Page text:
Nearly two years ago, Zak woke up on a Saturday morning and told me he wanted to get back into boxing.

“You want to ‘go back’ to boxing?” I asked.

“Yeah, I did it a long time ago; it’s really fun. You should try it. You need more muscles.”

So we went to our neighborhood gym, which just so happen to teach MMA and asked about Muay Thai, boxing, and ju jitsu. They gave us some pamphlets, and we promised to return for a class the following weekend. Zak did most of the talking, and I did most of the smiling and nodding politely while feeling completely out of my element inside a gym with WEIGHTS! AND A BOXING RING! AND SHIRTLESS MEN! AND WOMEN IN SPORTS BRAS!

The gym meant serious business.

I did not.

Zak apparently meant semi-serious business.

We returned the next day. Zak in clothes taken out of an overstuffed bottom dresser drawer meant exclusively for gym time. Since I have never in my life owned clothes meant exclusively for working out, I was in a shiny new outfit that supposedly are “breathable” and “performance enhancing.”  Sure.

One of the coaches took pity on my lost soul as I tried to shrink into one of the walls before class. She gently wrapped my hands in bandages (creatively these bandages are actually called “wraps”) then strapped me into a pair of loaner gloves before proceeding to shout instruction, encouragement, and threats to myself and 12 or so other people for the next hour.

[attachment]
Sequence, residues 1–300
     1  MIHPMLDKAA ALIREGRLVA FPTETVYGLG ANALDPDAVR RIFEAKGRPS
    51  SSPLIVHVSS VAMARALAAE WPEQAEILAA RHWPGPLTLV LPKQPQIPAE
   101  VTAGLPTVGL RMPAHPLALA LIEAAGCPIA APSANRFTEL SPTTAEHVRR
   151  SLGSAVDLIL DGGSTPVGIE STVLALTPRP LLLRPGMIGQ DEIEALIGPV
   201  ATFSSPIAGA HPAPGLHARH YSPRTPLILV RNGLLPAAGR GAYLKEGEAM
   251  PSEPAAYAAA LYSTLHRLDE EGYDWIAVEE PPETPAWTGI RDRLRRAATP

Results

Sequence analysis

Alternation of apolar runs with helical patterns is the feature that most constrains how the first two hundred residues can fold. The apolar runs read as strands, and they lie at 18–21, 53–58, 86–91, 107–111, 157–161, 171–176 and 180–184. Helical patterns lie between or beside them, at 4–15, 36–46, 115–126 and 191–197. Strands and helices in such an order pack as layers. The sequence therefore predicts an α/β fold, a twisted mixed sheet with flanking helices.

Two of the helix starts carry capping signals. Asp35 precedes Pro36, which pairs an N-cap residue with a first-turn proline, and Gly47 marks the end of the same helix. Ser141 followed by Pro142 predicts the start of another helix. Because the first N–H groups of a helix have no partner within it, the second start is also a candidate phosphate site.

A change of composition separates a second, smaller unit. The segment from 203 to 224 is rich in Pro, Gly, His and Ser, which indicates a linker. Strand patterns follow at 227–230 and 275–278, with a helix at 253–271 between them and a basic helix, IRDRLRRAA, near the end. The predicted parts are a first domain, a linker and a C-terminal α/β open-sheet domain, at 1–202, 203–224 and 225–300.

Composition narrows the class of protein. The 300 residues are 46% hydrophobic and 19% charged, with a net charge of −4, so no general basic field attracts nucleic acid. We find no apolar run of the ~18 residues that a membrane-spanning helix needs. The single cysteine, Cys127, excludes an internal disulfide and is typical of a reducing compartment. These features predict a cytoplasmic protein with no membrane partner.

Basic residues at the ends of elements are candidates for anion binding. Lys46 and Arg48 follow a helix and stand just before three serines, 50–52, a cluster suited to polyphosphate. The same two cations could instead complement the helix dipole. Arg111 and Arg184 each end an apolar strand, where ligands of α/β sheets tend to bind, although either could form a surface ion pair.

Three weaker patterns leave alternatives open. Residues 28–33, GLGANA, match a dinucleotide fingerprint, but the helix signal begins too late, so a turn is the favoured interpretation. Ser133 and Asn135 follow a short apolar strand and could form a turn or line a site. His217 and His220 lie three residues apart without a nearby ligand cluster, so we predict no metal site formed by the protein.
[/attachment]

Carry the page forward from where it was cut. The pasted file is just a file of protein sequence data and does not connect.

Our Coach proceeded to help us kill ourselves through a series of exercises that my fuzzy memory seems to recall mostly involved running. Like, a lot of running. More running than I had done in nearly 10 years. Enough running that knees, hips, and ankles were hurt in ways I didn’t know they could hurt.

I hated it. Everything hurt. I thought I might pass out, then I thought I might throw up, then I just couldn’t move anymore. And then…my brain lit up! And I was suddenly really, really pleased with the world.

I am never pleased.

It was a startling revelation in my previously never fit life. So now every Sunday, I show up to the gym with my glorified pajamas, my wraps I can wrap myself, and shiny gloves to try and follow through on increasingly terrifying demands from coaches who seem superhuman.

I still hate the running. A lot of the time, I do not feel like going. But once I get there, and my heart starts pounding in my ears, my body calms down and my brain lights up. And for about 15 minutes, I feel like I can live in this world another day.

It’s hard and it’s hard work. But it makes me feel strong, calm, and confident.

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